Group-I 100% 90% 80% 70% 60% 50% 40% 30% 20% 10% 0% Group-II Group-III

Group-I

19% 14%

27% 9%

31% 19%

Oil permittivity clasification

38%

47%

56%

31% 67% 64% 50% 31%

27% 33% 27% 11%

0.05 0.04 0.03 0.02 0.01 0.00

tan

0-5

6 - 10

11 - 15

16 - 20

21 - 25

26 - 30

Group-II

Years of operation

Figure 10. Differentiations of dielectric characteristics of oil samples as a function of their operating time. A gradual decrease of the number of samples in Group-I is observed with a simultaneous gradual increase of the samples in Groups II and III.
(80 C)
o o o

(60 C) (20 C)

3.3. THE CORRESPONDING PHYSICOCHEMICAL RESULTS


f(Hz) 100 1000

10
tan 0.05 0.04
(60 C)
o

(80 C)

Group-III

0.03 0.02 0.01 0.00 10 100

(40 C)
o

(20 C)

In addition, the physicochemical tests of Table 1 were also performed in every sample, according to the corresponding ASTM procedure. The investigated physicochemical quantities were the breakdown voltage, the interfacial tension, the acidity, the water content, the relative density and the color. Physicochemical results were compared to the ones obtained by the temperature dependent dielectric spectroscopy in the frequency domain. Due to the great amount of acquired data, the physicochemical results in each Group (I, II, and III) have been processed to provide averaged values and standard deviations, which are collectively presented in Table 2. According to the Table 2 data, the following remarks can be supported: Despite of the dielectrometry classification (i.e. Groups I, II and III), the average breakdown voltage values for all oil samples in each Group exceeds the 26 kV threshold, which is frequently considered as the minimum requirement for used oils in electrical equipment [7]. However, there is a clear tendency for the reduction of breakdown voltage for oil samples with deteriorating permittivity classification Group.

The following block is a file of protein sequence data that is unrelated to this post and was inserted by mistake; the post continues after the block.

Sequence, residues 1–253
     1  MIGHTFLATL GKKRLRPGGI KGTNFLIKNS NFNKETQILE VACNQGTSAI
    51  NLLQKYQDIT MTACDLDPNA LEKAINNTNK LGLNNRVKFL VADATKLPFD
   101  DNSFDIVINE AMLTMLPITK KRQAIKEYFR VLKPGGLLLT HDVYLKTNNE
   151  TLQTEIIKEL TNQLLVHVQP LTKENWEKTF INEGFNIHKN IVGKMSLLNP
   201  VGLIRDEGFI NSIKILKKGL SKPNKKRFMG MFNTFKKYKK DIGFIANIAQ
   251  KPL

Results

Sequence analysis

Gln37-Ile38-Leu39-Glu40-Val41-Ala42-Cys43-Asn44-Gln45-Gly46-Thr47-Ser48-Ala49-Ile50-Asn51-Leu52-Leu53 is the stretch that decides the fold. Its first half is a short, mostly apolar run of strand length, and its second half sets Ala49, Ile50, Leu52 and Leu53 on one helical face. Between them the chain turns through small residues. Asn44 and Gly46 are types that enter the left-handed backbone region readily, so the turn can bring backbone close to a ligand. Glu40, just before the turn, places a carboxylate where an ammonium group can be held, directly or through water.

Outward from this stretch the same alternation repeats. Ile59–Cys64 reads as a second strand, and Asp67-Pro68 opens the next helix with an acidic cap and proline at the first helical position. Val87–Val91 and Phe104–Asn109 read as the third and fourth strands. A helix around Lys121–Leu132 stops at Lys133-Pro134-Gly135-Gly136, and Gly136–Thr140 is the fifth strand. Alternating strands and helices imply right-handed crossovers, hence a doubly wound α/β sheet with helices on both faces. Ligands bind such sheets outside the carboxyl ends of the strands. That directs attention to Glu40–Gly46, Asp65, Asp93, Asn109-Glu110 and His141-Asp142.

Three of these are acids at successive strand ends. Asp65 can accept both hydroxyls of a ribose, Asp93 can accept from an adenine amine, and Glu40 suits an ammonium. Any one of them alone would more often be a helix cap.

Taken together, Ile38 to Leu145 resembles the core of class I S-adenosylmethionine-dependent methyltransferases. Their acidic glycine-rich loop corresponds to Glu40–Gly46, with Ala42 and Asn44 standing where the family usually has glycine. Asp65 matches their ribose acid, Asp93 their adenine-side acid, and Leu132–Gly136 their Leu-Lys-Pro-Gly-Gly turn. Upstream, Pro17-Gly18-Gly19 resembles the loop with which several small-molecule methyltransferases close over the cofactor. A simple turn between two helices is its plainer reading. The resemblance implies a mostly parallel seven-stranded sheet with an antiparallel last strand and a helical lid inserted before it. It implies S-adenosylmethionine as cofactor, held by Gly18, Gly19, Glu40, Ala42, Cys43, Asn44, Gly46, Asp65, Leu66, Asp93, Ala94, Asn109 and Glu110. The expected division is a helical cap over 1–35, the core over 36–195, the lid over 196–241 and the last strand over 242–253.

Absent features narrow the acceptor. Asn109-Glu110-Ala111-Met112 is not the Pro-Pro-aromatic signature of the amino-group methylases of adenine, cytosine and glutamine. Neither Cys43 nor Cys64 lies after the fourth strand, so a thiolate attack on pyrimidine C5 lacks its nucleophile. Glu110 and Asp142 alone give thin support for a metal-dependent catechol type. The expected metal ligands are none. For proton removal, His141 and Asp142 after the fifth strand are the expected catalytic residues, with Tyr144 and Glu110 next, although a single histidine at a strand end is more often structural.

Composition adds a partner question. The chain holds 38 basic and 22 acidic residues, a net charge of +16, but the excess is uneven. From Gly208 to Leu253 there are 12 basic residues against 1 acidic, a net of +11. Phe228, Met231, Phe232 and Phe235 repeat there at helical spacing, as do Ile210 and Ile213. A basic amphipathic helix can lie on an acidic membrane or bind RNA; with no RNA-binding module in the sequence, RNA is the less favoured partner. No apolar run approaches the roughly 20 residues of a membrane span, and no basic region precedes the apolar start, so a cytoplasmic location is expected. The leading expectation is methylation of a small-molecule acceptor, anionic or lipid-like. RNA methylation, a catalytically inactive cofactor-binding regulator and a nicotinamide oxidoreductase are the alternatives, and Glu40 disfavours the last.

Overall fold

f(Hz) 1000

Figure 9. Dielectrometry results of transformer-oil tan, at frequencies 20 Hz1 kHz and temperatures 20, 40, 60 and 80 C. Averaged tan values given for all samples within each Group. Same scales used for comparison.

increased with the operating temperature since r = C/Co. But as the results of Figure 8 point out, r is reduced with increasing temperature. (ii) The cells for liquids have an